#5 blahblah82

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Posted 06 November 2012 - 09:41 AM

Same situation I'm dealing with now. I got the 8% hydroquinone from a compounding pharmacy. I was told to use it twice a day for two weeks, and if that doesn't work then I would need some sort of light therapy to help the hyperpigmentation.

#6 *Inspired*

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Posted 07 November 2012 - 07:36 PM

Same situation I'm dealing with now. I got the 8% hydroquinone from a compounding pharmacy. I was told to use it twice a day for two weeks, and if that doesn't work then I would need some sort of light therapy to help the hyperpigmentation.


Hydroquinone normally takes time to work because it only inhibits the production of melanin in your skin. Although it's frequently called a bleaching cream, it doesn't actually "bleach" your skin or treat existing hyperpigmentation. Are you using a retinoid, like Retin-a? If not, you might want to use both. The retin-a will accelerate cell turnover and shed,your existing hyperpigmentation faster.

Also, if I were you, I would start slowly with 8% Hydroquinone to be sure it doesn't irritate your skin. I only used 4% HQ and it caused redness at first. While I was told to use it twice a day, I applied it once a day. I used 0.01% Tretinoin at night, and HQ mixed with moisturizer in the morning. I would then apply sunblock over the HQ after waiting 1-2 hours.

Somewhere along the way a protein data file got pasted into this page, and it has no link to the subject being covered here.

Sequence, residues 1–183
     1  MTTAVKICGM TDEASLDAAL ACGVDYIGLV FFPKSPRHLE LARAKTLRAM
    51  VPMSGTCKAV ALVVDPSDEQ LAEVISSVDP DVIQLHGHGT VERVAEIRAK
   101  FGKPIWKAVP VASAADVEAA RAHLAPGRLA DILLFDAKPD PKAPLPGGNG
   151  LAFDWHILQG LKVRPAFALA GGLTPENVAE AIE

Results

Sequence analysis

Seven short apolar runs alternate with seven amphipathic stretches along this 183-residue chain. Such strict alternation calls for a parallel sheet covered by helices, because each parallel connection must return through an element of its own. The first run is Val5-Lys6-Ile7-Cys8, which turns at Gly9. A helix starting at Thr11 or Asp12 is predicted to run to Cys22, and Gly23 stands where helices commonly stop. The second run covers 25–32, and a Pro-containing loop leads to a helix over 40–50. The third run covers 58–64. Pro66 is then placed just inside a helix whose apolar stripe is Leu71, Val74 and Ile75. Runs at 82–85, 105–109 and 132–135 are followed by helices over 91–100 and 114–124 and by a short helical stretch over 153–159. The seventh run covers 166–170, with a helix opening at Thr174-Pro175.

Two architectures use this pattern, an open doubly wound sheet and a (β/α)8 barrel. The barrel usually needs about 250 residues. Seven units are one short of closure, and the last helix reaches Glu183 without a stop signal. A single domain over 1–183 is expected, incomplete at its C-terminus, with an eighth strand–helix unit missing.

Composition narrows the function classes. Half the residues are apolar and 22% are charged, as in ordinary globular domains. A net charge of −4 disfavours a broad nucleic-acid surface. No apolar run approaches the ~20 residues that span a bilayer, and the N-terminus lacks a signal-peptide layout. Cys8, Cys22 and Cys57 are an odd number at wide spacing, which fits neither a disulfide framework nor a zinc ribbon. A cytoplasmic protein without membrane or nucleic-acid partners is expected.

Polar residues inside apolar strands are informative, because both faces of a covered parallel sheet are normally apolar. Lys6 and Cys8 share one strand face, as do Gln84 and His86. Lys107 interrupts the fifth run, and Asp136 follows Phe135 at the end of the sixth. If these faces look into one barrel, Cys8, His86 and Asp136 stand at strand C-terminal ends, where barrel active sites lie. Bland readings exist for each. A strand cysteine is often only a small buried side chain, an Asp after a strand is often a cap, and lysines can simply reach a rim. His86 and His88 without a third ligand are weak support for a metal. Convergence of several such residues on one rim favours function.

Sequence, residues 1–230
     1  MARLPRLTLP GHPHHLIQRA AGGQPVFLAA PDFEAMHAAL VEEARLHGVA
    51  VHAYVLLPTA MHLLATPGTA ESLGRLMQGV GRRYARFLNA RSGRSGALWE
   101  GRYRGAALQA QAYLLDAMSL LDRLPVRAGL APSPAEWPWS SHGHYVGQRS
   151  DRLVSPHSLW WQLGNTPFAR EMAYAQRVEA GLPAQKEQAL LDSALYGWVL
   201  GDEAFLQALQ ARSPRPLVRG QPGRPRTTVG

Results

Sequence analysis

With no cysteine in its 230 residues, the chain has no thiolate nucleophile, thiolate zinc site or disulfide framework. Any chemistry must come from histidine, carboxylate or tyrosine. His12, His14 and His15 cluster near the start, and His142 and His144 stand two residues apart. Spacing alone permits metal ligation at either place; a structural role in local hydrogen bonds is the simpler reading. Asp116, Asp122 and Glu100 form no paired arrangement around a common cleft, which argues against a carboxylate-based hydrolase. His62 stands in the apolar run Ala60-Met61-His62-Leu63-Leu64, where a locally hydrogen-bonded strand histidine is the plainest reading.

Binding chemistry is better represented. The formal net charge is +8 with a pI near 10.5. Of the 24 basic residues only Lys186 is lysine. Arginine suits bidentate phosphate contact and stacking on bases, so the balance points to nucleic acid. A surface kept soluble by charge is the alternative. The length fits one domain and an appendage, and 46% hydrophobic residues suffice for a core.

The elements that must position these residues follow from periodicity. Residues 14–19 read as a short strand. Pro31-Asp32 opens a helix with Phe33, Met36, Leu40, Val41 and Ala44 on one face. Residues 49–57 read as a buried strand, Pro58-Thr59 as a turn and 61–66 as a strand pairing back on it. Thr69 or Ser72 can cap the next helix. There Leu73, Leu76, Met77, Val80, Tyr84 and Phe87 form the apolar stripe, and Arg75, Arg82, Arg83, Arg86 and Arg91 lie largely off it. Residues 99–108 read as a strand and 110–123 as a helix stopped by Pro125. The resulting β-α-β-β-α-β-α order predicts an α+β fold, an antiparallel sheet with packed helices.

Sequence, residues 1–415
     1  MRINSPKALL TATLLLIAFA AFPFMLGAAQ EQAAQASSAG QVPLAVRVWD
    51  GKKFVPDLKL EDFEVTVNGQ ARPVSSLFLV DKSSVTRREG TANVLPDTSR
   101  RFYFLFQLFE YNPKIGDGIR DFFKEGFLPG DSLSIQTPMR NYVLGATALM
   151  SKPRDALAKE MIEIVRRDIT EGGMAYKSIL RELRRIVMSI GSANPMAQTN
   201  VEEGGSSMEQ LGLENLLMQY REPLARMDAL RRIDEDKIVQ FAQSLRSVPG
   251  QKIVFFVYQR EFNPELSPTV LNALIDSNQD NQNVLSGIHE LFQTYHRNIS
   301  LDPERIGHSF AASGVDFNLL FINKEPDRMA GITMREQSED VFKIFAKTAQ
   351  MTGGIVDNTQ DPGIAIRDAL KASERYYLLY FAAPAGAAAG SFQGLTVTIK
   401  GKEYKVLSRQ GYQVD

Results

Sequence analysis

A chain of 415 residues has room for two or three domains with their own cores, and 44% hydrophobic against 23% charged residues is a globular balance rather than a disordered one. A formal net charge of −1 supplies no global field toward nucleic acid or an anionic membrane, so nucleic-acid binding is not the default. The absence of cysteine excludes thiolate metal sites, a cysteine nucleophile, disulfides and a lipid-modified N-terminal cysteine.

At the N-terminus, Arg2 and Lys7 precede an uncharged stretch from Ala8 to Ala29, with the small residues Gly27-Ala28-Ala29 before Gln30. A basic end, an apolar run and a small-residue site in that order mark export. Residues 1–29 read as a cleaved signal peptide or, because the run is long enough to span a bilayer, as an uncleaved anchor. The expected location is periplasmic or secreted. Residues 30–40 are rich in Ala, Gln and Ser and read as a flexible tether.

Also, I just remembered this -- try to avoid products with benzoyl peroxide or other peroxides when using Hydroquinone. That pretty much eliminates most drug store OTC products and "The Regimen". It can cause temporary dark spots on your skin. The spots fade pretty quickly after you wash the product with peroxide off your face. It took a little while for me to figure this out. At first, I walked around with a grayish tint to some areas of my skin. Once I stopped using products with peroxide, the problem went away. If you Google HQ, I am sure you can find plenty of warnings about this, as well.

#7 Meg M

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Posted 11 November 2012 - 03:49 PM

Thanks for the replies, ToykoGirl and blahblah.

I opted to use the Meladerm I had purchased online rather than the 8% HQ. I've seen some pretty substantial improvement since I posted, but there's still a long way to go. I even went several days w/o using the Meladerm - instead, opting to use a moisturizer at night containing ingredients which are "direct tyrosinase inhibitors" (i.e., skin whiteners). I don't apply the Meladerm during the day at all due to all the scary stories about HQ and direct sunlight exposure. I figure I should try to play it safe with the Meladerm, too.

I was told by the nurse at the doc's office that HQ would (1) lighten existing hyperpigmentation, as well as (2) prevent further hyperpigmentation.

The yucky brown/dark color my skin is experiencing appears as a grayish tint underneath makeup. I hate it.

#8 blahblah82

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Posted 21 November 2012 - 01:45 AM

From what I've read HYPERpigmentation almost always resolves with bleaching cream therapy. If you have HYPOpigmentation, that's where you run into trouble because that can be permanent.

I got only my cheeks treated so I have two patches of hyperpigmentation. Even though I am southeast asian, my skin is very white. The contrast between my white face and the red / brown patches was pronounced.